The literature of late ancient Christianity is rich both in saints who lead lives of almost Edenic health and in saints who court and endure horrifying diseases. In such narratives, health and illness might signify the sanctity of the ascetic, or invite consideration of a broader theology of illness. In Thorns in the Flesh, Andrew Crislip draws on a wide range of texts from the fourth through sixth centuries that reflect persistent and contentious attempts to make sense of the illness of the ostensibly holy. These sources include Lives of Antony, Paul, Pachomius, and others; theological treatises by Basil of Caesarea and Evagrius of Pontus; and collections of correspondence from the period such as the Letters of Barsanuphius and John.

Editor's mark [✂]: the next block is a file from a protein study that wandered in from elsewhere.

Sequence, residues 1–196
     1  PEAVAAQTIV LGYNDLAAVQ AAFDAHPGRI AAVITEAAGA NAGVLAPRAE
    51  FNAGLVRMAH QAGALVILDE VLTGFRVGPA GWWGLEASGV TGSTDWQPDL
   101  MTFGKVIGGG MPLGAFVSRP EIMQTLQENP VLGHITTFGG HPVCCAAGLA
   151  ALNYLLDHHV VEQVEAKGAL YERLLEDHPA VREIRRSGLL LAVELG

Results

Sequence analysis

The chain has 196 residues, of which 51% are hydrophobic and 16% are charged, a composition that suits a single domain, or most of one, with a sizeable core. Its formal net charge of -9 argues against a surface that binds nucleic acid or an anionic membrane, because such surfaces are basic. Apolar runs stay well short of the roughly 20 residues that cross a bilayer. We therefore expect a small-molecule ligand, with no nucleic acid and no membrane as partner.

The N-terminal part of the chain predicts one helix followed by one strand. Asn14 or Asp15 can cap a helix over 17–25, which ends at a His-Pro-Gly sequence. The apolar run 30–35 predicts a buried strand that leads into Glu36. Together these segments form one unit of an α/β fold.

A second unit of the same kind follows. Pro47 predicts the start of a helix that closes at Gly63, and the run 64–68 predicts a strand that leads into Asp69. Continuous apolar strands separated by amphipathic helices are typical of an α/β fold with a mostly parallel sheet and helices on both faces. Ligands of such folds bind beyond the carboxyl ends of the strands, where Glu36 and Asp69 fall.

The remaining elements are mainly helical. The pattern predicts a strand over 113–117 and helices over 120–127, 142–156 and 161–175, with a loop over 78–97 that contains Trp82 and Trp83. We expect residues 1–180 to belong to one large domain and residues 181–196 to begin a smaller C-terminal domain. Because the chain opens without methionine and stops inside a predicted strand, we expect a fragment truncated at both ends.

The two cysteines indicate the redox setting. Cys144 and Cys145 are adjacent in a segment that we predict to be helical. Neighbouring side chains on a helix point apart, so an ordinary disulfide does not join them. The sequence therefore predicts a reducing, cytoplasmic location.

Through close readings of these texts, Crislip shows how late ancient Christians complicated and critiqued hagiographical commonplaces and radically reinterpreted illness as a valuable mode for spiritual and ascetic practice. Illness need not point to sin or failure, he demonstrates, but might serve in itself as a potent form of spiritual practice that surpasses even the most strenuous of ascetic labors and opens up the sufferer to a more direct knowledge of the self and the divine. Crislip provides a fresh and nuanced look at the contentious and dynamic theology of illness that emerged in and around the ascetic and monastic cultures of the later Roman world.